Microsoft's Joe Belfiore took time from his presumably busy schedule to share a little more on Continuum for phones. Now that Windows 10 for PC is out the gate the focus for the team at Redmond is on the mobile side of the OS.
For a while now, Microsoft has been saying that Continuum for phones requires new hardware. Despite the demos at Build 2015 and speculation to the contrary only newer, high-end phones can second-screen to an external display. In fact, the only reason I am mentioning this is some people who don't follow every drip and drab of Microsoft news may still have questions. Hopefully, this answers them.
Belfiore has added a few more notes to the conversation:
"Yes, Continuum for phones requires new hardware. It's a high-end feature-- uses dual separate screens. Continuum for phones DOESN'T require you to carry a device to connect. It's wireless (BT/Miracast) *or* wired (eg. could have a dock)."
Of course, the dock Belfiore is referring to is codenamed Munchkin as we revealed a few weeks back. I have heard that the dock, which features USB and display ports, will run for $99 once released this fall with the new flagship phones. Essentially, a user plugs their phone via USB Type-C into the dock and the dock connects to a display, mouse and keyboard to act like a full PC. Alternatively, maybe just like a Surface RT, to be more precise. Microsoft has yet to speak publicly about the accessory.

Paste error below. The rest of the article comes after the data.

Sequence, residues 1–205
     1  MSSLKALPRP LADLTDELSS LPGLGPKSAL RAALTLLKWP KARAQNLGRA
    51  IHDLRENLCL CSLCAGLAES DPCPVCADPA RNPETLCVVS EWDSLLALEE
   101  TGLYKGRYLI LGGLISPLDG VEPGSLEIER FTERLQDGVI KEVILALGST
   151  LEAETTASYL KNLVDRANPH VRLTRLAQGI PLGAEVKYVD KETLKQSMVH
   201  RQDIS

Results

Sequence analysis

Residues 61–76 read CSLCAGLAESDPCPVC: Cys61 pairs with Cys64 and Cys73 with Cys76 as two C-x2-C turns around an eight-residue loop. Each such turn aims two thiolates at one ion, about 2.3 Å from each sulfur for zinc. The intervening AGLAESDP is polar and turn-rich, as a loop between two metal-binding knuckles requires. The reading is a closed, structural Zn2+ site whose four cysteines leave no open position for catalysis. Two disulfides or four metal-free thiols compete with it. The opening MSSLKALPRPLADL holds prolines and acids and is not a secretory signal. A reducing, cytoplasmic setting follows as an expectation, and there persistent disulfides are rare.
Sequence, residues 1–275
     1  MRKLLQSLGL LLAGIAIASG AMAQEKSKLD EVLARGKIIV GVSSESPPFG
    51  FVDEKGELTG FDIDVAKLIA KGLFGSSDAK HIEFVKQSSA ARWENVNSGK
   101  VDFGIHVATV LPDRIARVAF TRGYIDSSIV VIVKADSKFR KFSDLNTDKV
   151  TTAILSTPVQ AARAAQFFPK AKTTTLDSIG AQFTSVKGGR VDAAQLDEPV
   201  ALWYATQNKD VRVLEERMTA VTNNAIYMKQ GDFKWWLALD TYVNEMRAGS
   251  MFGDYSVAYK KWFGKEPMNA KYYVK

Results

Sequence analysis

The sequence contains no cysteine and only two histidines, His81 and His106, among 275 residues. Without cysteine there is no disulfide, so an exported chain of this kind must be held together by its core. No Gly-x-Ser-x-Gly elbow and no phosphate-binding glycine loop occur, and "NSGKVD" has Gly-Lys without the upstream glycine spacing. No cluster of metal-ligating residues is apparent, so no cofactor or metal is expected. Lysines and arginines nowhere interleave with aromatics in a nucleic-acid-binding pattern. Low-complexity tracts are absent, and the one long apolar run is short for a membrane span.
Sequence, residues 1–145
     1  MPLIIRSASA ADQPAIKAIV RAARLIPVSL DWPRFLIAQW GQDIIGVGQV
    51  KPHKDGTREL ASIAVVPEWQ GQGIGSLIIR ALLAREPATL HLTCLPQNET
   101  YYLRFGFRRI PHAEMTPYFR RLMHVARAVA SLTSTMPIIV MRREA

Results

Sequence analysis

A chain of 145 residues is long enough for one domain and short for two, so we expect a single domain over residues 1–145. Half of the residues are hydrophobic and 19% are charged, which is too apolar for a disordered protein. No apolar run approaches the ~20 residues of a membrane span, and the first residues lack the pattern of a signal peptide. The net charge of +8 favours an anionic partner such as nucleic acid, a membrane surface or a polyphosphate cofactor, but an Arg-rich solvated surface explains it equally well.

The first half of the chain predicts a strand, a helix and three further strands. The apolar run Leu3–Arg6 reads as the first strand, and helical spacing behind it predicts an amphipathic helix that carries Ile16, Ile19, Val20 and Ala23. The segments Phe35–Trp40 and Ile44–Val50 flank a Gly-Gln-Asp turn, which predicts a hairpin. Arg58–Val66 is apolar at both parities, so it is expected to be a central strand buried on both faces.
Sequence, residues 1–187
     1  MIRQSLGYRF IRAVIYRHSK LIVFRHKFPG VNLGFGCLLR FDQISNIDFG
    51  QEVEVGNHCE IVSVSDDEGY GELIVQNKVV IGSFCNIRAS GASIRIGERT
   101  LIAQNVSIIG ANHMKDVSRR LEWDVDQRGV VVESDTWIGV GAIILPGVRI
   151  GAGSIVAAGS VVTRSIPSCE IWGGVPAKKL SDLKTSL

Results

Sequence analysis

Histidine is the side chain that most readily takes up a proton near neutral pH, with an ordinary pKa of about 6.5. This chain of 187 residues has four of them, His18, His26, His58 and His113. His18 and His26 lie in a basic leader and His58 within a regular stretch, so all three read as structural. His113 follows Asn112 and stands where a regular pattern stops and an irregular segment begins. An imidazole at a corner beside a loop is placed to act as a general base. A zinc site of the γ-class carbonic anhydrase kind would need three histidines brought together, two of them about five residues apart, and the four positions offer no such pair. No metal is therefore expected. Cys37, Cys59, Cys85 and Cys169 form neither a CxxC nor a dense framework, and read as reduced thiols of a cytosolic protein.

Regarding Miracast, this too was recently shown to some of us in the media at a private event in New York City. As noted by Belfiore, the hardware used are simple engineering samples, much like he showed in a photo on Twitter today (see below). These devices look like normal Lumias, but their updated Qualcomm chipsets can handle the dual display output needed for Continuum.
The Miracast demo I saw was just that: the phone connected up to a TV and wirelessly beamed a second screen. Universal Windows apps (UWA) like Outlook were demoed with Continuum specifically displaying how the phone app can scale up to a full display for a computer or TV.
Overall, the demo was fast and impressive, although only one UWA can run at a time. It is unclear if this limitation sticks around or is a restriction on the hardware. We should keep in mind that Continuum for phones is still a very new technology, and we likely have a few generations to go before it is that 'PC in a pocket' dream.
Perhaps that rumored Intel phone is the next evolution.
Microsoft is still in the late stages of developing Continuum for phones with a few for more months before it is ready for public release. We are likely to hear more about the feature and new hardware later in September or October.